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I love it when I stumble across articles that make me reminisce of my childhood and then in the same instance have me re-examine my life and what I could be doing different.

Along with millions of people out there, I fall prey to the notion that I need to be busy all of the time to be successful. That I should, according to Brene Brown, “Let go of exhaustion as a status symbol and productivity as self worth.” I fondly remember the days as a child of spending the entire summer outdoors, playing, talking, being, and yes at times, even being bored! It was a good thing, it was healthy.

I will put my favorite paragraph(s) below for you to read, but do hope you find the time to read it in its entirety…For I know what I need to ask my family tonight… “I want to know how your heart is doing.”

“What happened to a world in which we can sit with the people we love so much and have slow conversations about the state of our heart and soul, conversations that slowly unfold, conversations with pregnant pauses and silences that we are in no rush to fill?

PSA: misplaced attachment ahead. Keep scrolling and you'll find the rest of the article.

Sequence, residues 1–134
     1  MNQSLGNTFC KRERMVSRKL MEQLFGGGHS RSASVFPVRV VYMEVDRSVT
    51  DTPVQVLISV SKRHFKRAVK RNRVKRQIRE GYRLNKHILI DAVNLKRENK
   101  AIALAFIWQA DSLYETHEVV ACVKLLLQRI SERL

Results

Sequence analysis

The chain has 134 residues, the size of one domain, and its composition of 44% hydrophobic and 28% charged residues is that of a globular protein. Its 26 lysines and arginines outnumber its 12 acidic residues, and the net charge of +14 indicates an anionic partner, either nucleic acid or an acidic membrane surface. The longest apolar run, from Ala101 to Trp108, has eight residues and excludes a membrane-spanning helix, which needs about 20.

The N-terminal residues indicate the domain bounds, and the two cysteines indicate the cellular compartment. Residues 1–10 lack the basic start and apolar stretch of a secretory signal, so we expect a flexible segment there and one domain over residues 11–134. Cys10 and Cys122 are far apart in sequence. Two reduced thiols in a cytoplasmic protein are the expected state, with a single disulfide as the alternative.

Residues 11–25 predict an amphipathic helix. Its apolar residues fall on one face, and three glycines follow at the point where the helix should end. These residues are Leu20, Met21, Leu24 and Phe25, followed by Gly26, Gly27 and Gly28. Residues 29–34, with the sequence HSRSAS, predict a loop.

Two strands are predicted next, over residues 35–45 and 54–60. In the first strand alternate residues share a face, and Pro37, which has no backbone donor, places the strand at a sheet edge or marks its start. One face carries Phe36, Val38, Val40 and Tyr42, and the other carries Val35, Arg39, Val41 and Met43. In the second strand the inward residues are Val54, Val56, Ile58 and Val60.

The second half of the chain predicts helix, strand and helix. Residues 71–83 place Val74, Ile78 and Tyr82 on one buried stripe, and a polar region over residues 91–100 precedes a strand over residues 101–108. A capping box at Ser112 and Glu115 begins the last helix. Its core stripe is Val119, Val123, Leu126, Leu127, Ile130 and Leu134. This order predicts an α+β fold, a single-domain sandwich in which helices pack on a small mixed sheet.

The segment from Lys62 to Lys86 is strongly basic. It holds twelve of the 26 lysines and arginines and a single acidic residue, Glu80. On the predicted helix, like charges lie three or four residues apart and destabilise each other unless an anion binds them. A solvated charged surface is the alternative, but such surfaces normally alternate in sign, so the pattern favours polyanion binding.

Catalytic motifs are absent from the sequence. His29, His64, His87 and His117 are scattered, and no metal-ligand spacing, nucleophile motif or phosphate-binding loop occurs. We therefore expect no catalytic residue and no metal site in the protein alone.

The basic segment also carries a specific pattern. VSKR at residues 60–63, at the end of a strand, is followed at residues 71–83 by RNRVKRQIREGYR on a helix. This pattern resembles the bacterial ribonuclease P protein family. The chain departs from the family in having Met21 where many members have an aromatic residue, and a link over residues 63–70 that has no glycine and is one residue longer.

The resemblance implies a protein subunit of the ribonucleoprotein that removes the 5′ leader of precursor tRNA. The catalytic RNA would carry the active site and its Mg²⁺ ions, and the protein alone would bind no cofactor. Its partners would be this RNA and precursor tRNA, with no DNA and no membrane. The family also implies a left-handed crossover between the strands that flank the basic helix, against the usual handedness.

How did we create a world in which we have more and more and more to do with less time for leisure, less time for reflection, less time for community, less time to just… be?

Somewhere we read, “The unexamined life is not worth living… for a human.” How are we supposed to live, to examine, to be, to become, to be fully human when we are so busy?

This disease of being “busy” (and let’s call it what it is, the dis-ease of being busy, when we are never at ease) is spiritually destructive to our health and wellbeing. It saps our ability to be fully present with those we love the most in our families, and keeps us from forming the kind of community that we all so desperately crave.”

The Disease of Being Busy

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